Pay Off Student Loans Faster With These 3 Options
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If you’re paying down student loans, you’re not alone. More than 40 million people are juggling an estimated $1.3 trillion in outstanding student loan debt. Among members of the class of 2014 who borrowed to attend college, student loan debt averaged nearly $30,000. But it’s not just a problem for new grads – many older workers struggle to make headway against six-figure student loan debt burdens.
The good news is you can’t be arrested for not repaying your student loans. The bad news is it’s pretty tough to walk away from student loan debt, even in bankruptcy court. Thankfully, there are options, including government programs, you can explore to ease your burden when you are struggling with paying off student loan debt.
Income-Driven Repayment Programs
To stem the tide of delinquencies, the government has created numerous repayment programs that tie your monthly payment to what you earn – usually 10 or 15 percent of your discretionary income. If you’re not earning anything, you don’t have to pay anything.
The problem with these government “income-driven repayment” programs is that the way they reduce your monthly payments is by stretching them out over many years. That means you’ll end up paying a lot more interest.
If you make 20-25 years of payments and still haven’t paid off your debt, you’ll qualify for loan forgiveness. But the government will tax the amount forgiven as income. Nevertheless, income-driven repayment programs are often the best option for people who are struggling to make their monthly payments. At the end of 2015, the Department of Education had enrolled more than 4.5 million borrowers in one of these plans.
There is a danger to be aware of when you are considering income-driven repayment programs. The programs are so popular, and people with student loan debt are often so desperate, that scammers sprung up left and right, charging people to help them enroll. The government’s student loan repayment programs are free, and easy to enroll in. Never let student loan debt relief companies charge you money.
Refinancing your loans at a lower interest rate
If you’re making your monthly student loan payments without straining your personal finances, there’s another option that could save you thousands of dollars. It’s an option that many people haven’t even considered: refinancing your loans with a private lender at a lower interest rate.
If you refinance your federal student loans with a private lender, you’ll lose some of the borrower benefits that come with government loans – like access to income-driven repayment plans, and loan forgiveness. But for many people, the opportunity to save significant money is more than worth the trade-off.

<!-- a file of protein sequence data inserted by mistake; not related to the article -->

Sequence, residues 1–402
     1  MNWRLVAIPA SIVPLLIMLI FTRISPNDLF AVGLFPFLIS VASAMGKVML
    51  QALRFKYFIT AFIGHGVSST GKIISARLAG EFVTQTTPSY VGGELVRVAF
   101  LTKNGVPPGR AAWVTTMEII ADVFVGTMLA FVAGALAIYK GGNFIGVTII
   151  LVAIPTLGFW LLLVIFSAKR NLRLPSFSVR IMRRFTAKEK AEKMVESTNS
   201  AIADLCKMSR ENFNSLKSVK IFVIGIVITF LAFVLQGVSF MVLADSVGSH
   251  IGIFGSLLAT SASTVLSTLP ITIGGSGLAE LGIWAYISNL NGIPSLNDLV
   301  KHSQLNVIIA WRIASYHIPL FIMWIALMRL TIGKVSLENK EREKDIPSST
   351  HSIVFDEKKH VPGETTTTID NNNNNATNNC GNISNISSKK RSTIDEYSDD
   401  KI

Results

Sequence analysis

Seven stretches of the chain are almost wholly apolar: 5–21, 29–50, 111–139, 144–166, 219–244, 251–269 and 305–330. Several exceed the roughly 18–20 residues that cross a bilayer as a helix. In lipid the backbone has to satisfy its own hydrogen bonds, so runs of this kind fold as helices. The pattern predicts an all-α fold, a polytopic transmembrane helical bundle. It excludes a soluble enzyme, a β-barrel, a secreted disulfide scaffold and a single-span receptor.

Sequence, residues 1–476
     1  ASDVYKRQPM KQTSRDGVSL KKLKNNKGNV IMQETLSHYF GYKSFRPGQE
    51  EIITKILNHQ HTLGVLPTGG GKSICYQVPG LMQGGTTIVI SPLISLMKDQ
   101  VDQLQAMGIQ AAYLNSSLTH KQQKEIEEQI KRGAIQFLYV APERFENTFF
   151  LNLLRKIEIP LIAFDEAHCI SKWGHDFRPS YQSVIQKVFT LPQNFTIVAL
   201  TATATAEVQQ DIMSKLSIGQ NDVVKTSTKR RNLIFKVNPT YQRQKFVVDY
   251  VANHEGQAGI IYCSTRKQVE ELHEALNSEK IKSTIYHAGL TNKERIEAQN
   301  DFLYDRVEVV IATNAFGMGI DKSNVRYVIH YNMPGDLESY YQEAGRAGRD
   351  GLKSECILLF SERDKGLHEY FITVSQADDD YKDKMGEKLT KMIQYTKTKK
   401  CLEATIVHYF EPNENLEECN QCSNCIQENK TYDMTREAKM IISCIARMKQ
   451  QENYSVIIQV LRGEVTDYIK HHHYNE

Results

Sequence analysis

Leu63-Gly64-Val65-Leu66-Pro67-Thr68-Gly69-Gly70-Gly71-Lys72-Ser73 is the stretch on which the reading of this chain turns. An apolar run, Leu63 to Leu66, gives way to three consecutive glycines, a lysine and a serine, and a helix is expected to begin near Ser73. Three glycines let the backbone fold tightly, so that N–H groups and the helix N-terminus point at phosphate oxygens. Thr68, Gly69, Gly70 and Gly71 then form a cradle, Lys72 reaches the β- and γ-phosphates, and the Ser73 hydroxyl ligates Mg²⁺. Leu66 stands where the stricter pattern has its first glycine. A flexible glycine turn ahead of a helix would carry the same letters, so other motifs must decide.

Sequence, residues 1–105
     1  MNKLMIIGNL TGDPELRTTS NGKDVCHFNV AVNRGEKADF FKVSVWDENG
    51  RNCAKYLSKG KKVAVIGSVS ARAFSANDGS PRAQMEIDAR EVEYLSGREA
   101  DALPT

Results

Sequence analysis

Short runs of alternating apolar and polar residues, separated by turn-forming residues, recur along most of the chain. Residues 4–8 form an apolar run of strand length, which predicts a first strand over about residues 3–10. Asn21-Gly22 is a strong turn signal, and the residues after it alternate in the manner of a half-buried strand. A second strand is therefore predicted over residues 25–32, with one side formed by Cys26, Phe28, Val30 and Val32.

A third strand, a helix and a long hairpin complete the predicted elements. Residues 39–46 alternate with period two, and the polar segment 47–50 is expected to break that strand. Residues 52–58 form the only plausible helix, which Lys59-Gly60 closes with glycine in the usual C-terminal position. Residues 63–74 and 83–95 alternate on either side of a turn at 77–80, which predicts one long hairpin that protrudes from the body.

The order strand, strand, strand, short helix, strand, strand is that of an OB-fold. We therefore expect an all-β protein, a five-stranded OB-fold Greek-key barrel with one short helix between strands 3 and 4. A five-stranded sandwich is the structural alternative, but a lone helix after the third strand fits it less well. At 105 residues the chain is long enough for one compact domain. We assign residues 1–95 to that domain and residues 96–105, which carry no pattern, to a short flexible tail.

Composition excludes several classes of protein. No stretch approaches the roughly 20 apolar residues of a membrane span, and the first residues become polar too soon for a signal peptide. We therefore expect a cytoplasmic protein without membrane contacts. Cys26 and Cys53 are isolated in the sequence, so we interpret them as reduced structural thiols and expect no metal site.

There are numerous private lenders will refinance student loans, and the rates they offer are often considerably lower than rates on federal loans. This is especially the case if you have an older federal PLUS loans taken out to attend graduate school, which can exceed 8 percent. Unfortunately, the only way to lower the interest rate on your student loans is by refinancing them with a private lender. Although the Department of Education will let you consolidate multiple loans into a single loan to simplify your loan payments, you’ll still pay a weighted average of the interest rates on your old loans.
Private lenders offer many different loans at different rates and terms, so you’ll want to shop around. A good place to do that is Credible.com as they’re a multi-lender marketplace that vets all the lenders on the site. In essence, this provides you a one-stop shop to find the best possible savings opportunity.
Thanks to the relationships Credible has with its partner lenders you can see the actual rates you’ll qualify for in minutes, without sharing your personal information with lenders or affecting your credit score. As of April, 2016, lenders on the Credible platform were offering variable-rate student loan refinance loans staring at 2.13 percent APR, and fixed-rate loans starting at 3.5 percent.
Private Lender Options for lowering Student Loan Debt
When you refinance with a private lender, you can take several different approaches. One is to reduce your loan term. That, along with a lower rate, will reduce the total interest you pay over the life of the loan.
If you’re more interested in lowering your monthly payment, you can refinance into a private loan at a lower interest rate that also extends your loan term. Since you’ll be making payments for a longer period of time, those taking this approach will end up paying a little more in total interest over the long run.
While you will pay more, in the long run, to just lower the monthly payment it will still be significantly less that what you’d pay without a refinance – as is the case in one of the government’s repayment programs.
A recent Citizens Bank survey found that less than half of millennials have looked into refinancing, consolidation or other options to improve their loan terms. That’s plenty of savings being left on the table. If you have student loans and want to see how much you can save by refinancing, you can check your rate for free using Credible in about 90 seconds.
Refinancing with a private lender isn’t for everyone but if you are struggling under the weight of student loan debt and looking for a way to pay it down faster, exploring your options is a worthwhile activity. Look into government loan repayment programs and options through private lenders to give yourself the best chance to pay your student loan debt down as quickly as possible.
What are your concerns when it comes to paying down student loan debt? What options have you tried and found successful? What scams or dangers have you come across in your effort to pay off your student loans?
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